Father of UBS Whistleblower Makes Thanksgiving Day Plea for Sons Clemency

Published on November 25, 2010

Please, share this page
Father of UBS Whistleblower Makes Thanksgiving Day Plea for Sons Clemency

Washington, D.C. November 25, 2010. Today, Ronald Birkenfeld, father of UBS whistleblower Bradley Birkenfeld, made a personal Thanksgiving Day appeal to President Barack Obama for his son to be released from prison.

In his Mr. Birkenfeld stated, “His separation from his loved ones is extremely painful to our family, especially when we know that his sentence is harsher than that of any of the thousands of wrongdoers.” Ronald Birkenfeld sadly noted that “the thousands of US citizens with offshore accounts who were granted amnesty will be sitting at home with their families,” while his son “who was solely responsible for recovering billions of dollars for American taxpayers” is “sitting alone in a cold cell away from those who love and appreciate him.”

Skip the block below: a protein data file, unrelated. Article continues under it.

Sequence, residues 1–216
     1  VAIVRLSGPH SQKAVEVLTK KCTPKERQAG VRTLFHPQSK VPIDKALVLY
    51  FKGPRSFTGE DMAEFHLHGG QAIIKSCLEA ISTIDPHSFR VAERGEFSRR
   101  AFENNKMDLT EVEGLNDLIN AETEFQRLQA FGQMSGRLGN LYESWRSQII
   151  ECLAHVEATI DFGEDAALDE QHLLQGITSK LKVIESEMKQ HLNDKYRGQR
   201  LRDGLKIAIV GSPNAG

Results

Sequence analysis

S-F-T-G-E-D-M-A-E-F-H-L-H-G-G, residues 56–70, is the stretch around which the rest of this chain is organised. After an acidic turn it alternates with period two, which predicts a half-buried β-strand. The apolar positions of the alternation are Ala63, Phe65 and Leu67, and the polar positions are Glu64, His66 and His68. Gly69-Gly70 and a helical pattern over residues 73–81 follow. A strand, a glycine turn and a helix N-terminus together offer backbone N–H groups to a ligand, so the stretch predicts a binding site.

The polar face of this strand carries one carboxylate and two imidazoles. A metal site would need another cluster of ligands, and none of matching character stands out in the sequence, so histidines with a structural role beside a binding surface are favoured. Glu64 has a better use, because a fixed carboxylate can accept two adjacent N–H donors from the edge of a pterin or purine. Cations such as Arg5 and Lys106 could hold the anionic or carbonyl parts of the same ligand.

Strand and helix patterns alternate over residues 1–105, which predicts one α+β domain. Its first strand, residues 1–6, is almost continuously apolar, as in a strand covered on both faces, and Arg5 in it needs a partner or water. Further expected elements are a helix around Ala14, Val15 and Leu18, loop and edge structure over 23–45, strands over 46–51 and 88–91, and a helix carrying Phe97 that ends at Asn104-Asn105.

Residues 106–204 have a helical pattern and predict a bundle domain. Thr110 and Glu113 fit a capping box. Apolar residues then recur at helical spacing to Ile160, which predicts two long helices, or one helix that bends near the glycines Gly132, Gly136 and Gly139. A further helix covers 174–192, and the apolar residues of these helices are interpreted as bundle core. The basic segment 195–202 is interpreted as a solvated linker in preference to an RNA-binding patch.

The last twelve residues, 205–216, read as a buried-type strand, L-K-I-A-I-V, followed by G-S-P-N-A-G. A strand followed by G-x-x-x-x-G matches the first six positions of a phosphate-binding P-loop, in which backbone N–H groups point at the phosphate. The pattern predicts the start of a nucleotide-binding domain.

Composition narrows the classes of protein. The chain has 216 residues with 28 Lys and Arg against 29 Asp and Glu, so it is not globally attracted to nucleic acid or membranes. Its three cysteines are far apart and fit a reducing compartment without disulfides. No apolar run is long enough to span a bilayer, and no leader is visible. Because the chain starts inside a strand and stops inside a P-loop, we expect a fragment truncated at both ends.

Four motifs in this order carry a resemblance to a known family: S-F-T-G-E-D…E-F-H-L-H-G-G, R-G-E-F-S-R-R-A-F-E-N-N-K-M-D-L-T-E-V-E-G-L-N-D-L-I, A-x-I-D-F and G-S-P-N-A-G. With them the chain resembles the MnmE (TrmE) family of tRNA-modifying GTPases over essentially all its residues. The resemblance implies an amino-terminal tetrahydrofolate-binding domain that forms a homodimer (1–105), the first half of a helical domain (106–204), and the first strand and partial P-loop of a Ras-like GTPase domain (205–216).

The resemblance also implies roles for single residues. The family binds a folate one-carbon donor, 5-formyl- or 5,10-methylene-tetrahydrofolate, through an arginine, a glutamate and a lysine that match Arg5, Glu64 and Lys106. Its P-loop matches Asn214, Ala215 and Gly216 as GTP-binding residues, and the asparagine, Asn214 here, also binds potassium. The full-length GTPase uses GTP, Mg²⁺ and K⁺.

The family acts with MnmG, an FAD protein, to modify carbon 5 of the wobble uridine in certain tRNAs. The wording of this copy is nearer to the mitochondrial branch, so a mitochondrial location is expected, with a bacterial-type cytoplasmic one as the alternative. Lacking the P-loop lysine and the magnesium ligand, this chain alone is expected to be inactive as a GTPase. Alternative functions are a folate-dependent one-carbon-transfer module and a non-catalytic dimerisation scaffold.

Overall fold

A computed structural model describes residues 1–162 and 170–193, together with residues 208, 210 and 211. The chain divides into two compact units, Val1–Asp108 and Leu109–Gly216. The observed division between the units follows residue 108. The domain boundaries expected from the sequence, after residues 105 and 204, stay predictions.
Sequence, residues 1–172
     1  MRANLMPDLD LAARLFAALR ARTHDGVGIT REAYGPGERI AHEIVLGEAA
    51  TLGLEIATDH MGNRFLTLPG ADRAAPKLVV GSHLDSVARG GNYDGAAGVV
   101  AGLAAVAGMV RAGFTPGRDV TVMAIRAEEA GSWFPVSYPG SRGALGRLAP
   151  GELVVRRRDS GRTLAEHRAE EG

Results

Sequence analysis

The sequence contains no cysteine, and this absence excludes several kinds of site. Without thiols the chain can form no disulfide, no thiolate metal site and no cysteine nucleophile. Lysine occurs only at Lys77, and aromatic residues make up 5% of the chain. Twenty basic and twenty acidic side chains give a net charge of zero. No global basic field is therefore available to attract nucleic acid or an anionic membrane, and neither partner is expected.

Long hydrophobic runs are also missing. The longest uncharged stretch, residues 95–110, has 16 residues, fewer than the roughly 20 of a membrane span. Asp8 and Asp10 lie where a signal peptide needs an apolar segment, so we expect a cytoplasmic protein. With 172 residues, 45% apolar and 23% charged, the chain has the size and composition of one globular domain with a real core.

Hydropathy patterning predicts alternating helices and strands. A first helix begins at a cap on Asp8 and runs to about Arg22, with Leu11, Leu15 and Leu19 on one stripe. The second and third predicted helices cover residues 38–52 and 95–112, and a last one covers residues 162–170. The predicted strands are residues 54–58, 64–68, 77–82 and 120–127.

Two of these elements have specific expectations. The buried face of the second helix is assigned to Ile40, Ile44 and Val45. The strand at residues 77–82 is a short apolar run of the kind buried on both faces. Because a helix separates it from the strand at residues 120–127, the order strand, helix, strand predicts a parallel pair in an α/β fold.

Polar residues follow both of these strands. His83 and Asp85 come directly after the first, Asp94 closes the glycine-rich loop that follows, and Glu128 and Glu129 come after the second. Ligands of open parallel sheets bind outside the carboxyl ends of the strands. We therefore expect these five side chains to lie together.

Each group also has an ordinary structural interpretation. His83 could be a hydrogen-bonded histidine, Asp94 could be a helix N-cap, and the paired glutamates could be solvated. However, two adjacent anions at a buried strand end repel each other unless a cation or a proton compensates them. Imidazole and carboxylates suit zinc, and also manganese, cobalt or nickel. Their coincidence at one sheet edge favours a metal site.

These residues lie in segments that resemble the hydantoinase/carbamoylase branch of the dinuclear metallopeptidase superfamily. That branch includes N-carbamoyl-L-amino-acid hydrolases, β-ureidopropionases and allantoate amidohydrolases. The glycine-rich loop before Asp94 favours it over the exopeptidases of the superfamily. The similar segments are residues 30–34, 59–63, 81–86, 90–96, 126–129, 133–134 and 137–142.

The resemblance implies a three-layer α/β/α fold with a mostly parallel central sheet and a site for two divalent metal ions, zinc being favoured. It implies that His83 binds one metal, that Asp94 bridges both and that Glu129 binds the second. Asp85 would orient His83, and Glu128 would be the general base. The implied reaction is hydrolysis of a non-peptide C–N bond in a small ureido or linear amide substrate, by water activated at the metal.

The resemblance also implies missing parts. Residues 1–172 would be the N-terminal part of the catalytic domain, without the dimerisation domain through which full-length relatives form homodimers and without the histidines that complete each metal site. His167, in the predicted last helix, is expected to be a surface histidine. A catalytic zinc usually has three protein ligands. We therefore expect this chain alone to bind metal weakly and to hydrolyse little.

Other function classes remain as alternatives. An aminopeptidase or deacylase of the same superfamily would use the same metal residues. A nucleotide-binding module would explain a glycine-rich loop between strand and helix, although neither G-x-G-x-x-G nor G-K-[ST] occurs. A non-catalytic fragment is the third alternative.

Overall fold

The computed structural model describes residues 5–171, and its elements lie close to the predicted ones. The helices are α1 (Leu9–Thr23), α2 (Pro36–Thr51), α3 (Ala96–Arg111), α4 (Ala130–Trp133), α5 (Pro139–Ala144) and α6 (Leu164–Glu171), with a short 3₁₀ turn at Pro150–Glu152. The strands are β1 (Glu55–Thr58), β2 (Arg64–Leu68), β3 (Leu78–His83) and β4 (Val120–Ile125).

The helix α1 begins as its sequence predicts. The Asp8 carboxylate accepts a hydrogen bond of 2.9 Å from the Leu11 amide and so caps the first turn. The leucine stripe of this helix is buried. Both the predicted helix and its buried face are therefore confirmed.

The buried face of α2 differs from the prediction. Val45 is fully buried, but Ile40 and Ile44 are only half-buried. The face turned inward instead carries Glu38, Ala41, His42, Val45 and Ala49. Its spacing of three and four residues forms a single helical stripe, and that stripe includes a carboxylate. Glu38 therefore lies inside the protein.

The National Whistleblower Center is supporting Bradley Birkenfeld’s clemency petition and encourages every American to take a minute out of their day on Thanksgiving to send a letter to President Obama asking him to return Mr. Birkenfeld to his family in time for Christmas.

Stephen M. Kohn, Executive Director of the National Whistleblower Center, issued the following statement: “Given Bradley Birkenfeld’s contribution to the public interest, it is a national disgrace that he must spend Thanksgiving in prison. Birkenfeld was responsible for taxpayers recovering $780 million in fines paid by UBS bank. His disclosures lead to over 15,000 Americans turning themselves in under the IRS amnesty program. These tax evaders escaped prison, but paid the U.S. taxpayers back billions of dollars. Birkenfeld, who voluntarily returned to the United States to blow the whistle, is the only UBS banker to be convicted of a crime and he has already served more time in prison than all of the 19,000 millionaires and billionaires who illegally hide their money combined.”

Report Fraud Now